I am a freshmen volleyball player that played JV and Varsity this last year. On JV I played all around, and on varsity I got in to serve. I also play club volleyball, my club coach put me as a middle hitter/blocker this year.
My vertical now is 15-17. This year I did not do basketball because it wasn't my favorite sport and because I wanted to improve my vertical instead of playing basketball. So this past winter I asked my coach if she would have a vertical workout that would increase my vertical by at least 3 inches. My coach then gave me a 12 week workout called Air Alert II Workout Chart.
I started the vertical workout a week after my friends started basketball practice. After about 8 weeks of doing the workout I can down with Bronchitis and was not able to do the workout that week I was sick. My coach had told me when she gave me this workout that I could not miss one day. So after I got over my Bronchitis, I never did the workout again.
A couple weeks after that we tested our verticals in our weights class and mine had still stayed the same. I thought it would at least go up 1 inch just because I did it for 8 weeks but it didn't. I was very disappointed in myself for not sticking with it.
When basketball ended, I, my sister and two other friends got one of our P.E teachers to do workouts with everyday. He gave us a vertical workout that lasted 15 weeks. I was nervous about getting this workout because I couldn't even finish my 12 week workout. After about 10 weeks we stopped because school got out.
Everyday I get on Google and look up "Workouts to increase your vertical." But I always end up finding workouts that are 12-20 weeks long. Summer is here and I am trying to improve in the off season, but with camps and weights and tournaments this summer, I don't have time for a 12-20 week workout. I was wondering if you had any short workouts that don't last 12-20 weeks long, or any tips on helping me get the vertical that I want.
Thank You. L.B.
There are so many vertical jump programs out there and as you have discovered, they are usually double digit weeks to complete. That is a function of needing a longer time period to develop muscle strength and see the results. But, with the rise of the fitness industry, combined with the internet, there can be an overemphasis on specific physical training programs, especially for the younger athletes.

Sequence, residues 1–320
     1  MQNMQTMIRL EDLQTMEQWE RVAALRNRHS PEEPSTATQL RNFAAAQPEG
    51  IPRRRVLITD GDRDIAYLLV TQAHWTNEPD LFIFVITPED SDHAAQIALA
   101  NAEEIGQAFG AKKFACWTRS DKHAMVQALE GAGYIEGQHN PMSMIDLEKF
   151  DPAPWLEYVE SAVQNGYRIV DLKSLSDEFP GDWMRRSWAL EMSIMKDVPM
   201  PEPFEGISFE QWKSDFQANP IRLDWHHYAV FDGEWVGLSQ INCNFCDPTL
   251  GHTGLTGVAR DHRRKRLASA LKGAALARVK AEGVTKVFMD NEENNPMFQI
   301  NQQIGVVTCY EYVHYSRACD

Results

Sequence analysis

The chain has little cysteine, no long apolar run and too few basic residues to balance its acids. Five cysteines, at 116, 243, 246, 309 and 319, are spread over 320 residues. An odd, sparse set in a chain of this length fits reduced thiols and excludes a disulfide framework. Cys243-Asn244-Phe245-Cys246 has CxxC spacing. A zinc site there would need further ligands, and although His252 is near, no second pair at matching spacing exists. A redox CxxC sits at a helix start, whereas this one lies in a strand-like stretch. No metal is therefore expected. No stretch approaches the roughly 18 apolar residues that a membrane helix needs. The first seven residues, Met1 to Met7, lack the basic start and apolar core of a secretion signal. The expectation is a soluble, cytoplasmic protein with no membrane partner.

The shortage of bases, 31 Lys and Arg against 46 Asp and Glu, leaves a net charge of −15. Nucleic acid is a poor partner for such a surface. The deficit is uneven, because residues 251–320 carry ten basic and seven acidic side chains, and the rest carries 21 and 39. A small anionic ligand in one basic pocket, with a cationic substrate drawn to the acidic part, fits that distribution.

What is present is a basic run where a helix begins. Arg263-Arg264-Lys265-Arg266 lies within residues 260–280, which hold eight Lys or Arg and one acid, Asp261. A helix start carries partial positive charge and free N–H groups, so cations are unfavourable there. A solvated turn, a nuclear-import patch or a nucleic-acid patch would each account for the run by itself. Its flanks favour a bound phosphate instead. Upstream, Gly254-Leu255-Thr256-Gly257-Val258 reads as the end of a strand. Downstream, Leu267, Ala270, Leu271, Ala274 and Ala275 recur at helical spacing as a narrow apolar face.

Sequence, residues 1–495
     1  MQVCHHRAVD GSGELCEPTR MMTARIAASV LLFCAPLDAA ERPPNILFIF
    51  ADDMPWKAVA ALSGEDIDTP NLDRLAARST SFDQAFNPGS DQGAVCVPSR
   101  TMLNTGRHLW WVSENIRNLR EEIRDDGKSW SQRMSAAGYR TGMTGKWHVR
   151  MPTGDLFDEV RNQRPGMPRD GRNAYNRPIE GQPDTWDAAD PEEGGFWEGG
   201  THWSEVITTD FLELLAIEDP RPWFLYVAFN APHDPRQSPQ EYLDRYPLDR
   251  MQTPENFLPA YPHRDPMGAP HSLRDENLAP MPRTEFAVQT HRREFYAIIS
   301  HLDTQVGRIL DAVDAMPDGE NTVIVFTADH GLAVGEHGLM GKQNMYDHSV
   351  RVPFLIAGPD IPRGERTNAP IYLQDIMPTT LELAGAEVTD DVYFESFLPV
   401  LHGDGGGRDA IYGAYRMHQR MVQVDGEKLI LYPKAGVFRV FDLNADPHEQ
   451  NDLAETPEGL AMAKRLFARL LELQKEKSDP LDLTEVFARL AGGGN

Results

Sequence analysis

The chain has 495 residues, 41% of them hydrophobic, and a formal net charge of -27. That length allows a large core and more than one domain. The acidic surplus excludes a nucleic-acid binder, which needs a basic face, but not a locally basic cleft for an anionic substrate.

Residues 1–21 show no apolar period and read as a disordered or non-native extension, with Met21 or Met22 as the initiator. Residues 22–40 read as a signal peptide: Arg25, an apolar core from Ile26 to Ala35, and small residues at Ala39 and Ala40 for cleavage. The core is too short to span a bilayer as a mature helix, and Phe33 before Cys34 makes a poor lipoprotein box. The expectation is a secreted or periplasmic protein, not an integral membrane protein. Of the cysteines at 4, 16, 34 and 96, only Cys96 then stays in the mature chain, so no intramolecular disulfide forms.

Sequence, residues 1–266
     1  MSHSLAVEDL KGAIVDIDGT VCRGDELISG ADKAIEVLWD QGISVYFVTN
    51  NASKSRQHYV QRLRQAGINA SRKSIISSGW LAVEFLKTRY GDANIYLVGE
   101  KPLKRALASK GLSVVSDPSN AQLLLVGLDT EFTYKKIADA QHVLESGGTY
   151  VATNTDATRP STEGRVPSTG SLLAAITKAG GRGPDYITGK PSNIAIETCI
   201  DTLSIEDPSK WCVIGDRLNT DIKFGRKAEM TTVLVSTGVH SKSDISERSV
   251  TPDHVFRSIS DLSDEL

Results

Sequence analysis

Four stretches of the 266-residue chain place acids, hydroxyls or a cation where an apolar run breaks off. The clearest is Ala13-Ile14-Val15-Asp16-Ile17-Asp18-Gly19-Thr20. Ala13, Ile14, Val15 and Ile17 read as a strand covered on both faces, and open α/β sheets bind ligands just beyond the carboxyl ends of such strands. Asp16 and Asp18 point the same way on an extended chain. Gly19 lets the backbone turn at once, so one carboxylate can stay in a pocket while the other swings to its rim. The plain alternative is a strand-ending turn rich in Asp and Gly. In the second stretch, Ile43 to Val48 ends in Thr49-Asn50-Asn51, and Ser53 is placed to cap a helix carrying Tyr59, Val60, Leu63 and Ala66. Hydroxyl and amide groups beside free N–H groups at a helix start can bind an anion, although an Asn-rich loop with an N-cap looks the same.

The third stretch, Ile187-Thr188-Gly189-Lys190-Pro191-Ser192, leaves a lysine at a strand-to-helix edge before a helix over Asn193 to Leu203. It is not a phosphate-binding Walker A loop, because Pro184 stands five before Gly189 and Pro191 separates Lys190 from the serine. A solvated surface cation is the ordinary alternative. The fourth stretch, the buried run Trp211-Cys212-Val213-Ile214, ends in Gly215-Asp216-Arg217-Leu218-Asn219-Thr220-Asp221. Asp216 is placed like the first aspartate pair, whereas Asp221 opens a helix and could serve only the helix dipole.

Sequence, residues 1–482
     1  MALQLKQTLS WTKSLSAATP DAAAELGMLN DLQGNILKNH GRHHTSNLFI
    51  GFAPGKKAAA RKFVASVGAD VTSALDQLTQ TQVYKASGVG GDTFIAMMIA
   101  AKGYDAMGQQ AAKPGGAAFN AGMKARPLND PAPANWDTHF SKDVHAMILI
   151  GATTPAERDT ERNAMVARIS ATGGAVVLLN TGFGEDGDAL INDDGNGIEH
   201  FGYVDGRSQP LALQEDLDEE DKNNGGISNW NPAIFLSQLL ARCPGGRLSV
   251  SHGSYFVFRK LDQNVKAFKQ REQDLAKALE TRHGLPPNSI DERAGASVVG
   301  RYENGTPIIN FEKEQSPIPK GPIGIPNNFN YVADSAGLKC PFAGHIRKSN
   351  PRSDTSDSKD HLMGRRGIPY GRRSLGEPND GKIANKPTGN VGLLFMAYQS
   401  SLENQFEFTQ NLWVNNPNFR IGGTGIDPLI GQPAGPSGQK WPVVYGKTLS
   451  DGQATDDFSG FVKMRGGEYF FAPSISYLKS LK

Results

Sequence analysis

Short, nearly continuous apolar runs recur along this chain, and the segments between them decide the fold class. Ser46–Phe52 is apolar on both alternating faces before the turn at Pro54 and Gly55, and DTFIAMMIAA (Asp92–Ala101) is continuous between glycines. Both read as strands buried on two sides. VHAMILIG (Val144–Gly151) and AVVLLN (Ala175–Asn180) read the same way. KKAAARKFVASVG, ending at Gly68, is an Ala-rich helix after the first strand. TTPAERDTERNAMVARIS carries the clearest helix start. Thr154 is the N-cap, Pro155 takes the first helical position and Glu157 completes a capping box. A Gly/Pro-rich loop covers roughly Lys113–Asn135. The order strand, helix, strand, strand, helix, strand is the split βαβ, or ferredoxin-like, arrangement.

As simple as this may sound, there are 3 things you can do every day to increase your vertical - 1) get older; as you mature the more developed your muscles become because you are no where near your physical peak while in high school. 2) Stay overall fit; eat healthy foods, get plenty of rest, work on your overall body strength and conditioning (jog, sprints, push ups, sit ups, yoga, meditation, etc). 3) Jump. Yes, jump. Get in the sand and do 10 max jumps. Get in the gym and do 50 small quick jumps. Get on a nice grass field and do 25 approach jumps; if you want to get better at something, then you must do it (just try not to jump on concrete or a hard surface, as to protect your knees and back).
The above three things you can do every day, by just taking a few minutes. Don't over think it, just do it and be patient. Time is on your side…..
Persistence is worth more than any specific program. Sticking with an average workout plan is better than only doing the first half of a great one. If you must miss a day then only miss one. If you miss three for illness be sure you get back in there and get back to work as soon as you can. As said above, don't make it too complicated and be sure you actually do it.ReplyDelete
I really enjoyed your short and sweet response to the letter. There are so many programs out there and it can be really confusing for the younger athletes. One thing that I have found over the years is that many people, trainers even, do plyos wrong. When you jump you want to quickly rebound off the ground so as to train your twitch fibers in your muscles.ReplyDelete
Hip flexibility is often overlooked. Strengthening your hips/glutes, strength training and some plyometrics you've set yourself up nicely. But I agree, good habits and "staying overall fit" is a huge factor.ReplyDelete